Redundant Repairs: How You Can Save Time This Year

Redundancy is good for NASA. Checking and rechecking helps keep people safer. However, redundancy in your home repairs wastes resources. Fixing things right the first time usually requires a little more effort, and maybe even a little more money up front. Overall though, it saves time and lessens the drain on finances. Though tedious, there are common household repairs that can keep popping up if not fixed right the first time.

Redundant Repairs


Toilet Repairs

Jiggling the handle is not a repair. Putting a note on the tank lid to remind everyone to jiggle the handle is also not a repair. It is an adaptive fix to a broken toilet. Adaptive measures are extremely redundant, time wasting, and annoying. Replacing the guts of the toilet tank, including the flapper, ballcock (water valve) and handle, takes about an hour for a do-it-yourself home repair person. The cost equals about two movie tickets and a popcorn. The water savings in a month could pay for the job.

Gutter Repairs

It is not uncommon to see the same neighbor each year out on a ladder with a garden hose, plastic bags and some small tools working feverishly to clean the gunk out of the gutters. Looking around, it is also very common to see some sort of caulking or spray sealant that the owner hopes will stop those annoying gutter leaks that keep coming back year after year. Wet debris in gutters can become very heavy. Weight in gutters causes flexing, which often results in any gap or seam eventually leaking. Simply adding gutter guards after the annual cleaning can negate ever having to clean or seal the gutters again.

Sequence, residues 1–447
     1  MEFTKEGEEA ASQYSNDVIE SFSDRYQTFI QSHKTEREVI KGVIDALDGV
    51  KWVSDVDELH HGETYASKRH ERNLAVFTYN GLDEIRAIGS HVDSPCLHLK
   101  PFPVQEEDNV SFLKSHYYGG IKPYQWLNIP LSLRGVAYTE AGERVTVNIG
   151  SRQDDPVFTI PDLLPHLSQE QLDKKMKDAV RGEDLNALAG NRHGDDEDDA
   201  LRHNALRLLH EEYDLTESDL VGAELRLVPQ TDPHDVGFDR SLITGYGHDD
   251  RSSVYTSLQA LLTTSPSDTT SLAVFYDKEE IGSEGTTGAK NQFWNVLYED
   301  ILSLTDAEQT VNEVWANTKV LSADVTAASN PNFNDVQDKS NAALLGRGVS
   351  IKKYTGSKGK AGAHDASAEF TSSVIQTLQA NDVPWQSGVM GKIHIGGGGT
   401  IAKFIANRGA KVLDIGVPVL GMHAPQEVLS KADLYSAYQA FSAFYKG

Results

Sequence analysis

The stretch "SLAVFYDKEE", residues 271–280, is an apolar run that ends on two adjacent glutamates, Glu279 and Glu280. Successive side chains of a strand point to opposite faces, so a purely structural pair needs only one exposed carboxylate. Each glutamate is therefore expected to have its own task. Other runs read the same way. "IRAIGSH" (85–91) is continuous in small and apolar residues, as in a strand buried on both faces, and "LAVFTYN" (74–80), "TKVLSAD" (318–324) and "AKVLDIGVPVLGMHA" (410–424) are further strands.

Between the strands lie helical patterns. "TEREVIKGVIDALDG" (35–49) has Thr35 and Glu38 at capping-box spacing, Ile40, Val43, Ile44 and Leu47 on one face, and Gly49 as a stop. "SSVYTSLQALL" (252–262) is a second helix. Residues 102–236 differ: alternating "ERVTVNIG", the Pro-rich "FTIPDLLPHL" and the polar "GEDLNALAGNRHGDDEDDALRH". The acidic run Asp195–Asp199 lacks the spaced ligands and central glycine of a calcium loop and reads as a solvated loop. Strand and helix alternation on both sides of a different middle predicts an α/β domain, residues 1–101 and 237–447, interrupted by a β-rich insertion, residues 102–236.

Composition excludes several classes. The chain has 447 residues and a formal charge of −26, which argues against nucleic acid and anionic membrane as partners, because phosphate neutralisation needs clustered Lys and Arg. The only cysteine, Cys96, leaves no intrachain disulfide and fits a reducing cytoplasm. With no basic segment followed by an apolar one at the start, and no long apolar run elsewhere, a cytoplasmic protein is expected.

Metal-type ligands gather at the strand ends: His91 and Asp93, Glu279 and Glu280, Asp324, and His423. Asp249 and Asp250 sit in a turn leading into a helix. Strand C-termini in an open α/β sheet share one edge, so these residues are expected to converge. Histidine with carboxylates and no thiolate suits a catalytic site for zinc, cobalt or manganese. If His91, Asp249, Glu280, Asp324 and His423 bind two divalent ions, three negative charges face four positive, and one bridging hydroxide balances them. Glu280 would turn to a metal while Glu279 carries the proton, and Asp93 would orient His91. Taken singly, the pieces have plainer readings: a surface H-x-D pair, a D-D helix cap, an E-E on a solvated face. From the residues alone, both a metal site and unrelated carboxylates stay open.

Furnace and Air Conditioning Repairs

Emergency repairs to get a Mississauga heating or air conditioning system operational again rarely involves fixing the whole problem. The dynamics involved in emergency repairs usually happen on the coldest or hottest days of the year. A call is made to an already very busy reliable mechanical service inc, and the technician comes out and fixes the offending part and gets the system going again. Before leaving, the repair technician advises the homeowner that a full inspection is needed. The homeowner is just happy the heat or AC is back on, quickly forgetting about the needed inspection. However, all parts in HVAC systems work together. If one part fails, it is rarely in isolation. The failure is very likely due to an issue with another part of the system that needs attention. To avoid redundant repairs, get the full inspection done.

Power Tools

Not all repairs involve the actual home. Many involve the tools used to maintain the home itself. Power tools require regular maintenance to keep them running right. Gas-powered tools such as weed trimmers, lawn mowers, and chain saws that are hard to start, or do not do the job well are not only tedious and time consuming to use, but they are also dangerous. Tool owners hoping to avoid paying for repairs often opt to do temporary fixes or adjust how tools are used. A poorly operating engine uses many more dollars in gasoline than one that is operating optimally. Cutting slower because of dull blades or worn parts makes the work more dangerous and sloppy looking. Adapting use and redundant fixes end up costing more in the long run.

Homes and everything used in and on them to keep things looking and running smooth are constantly under wear and tear. Everything needs maintained. However, some things requiring redundant maintenance may need a bigger fix or even possibly replaced to save money in the long run. Make a master list of repairs that are needed to avoid repeated fixes later on, and diligently work on the list one at a time based on need, daily use and the cost of the items needing repaired.

Erin Emanuel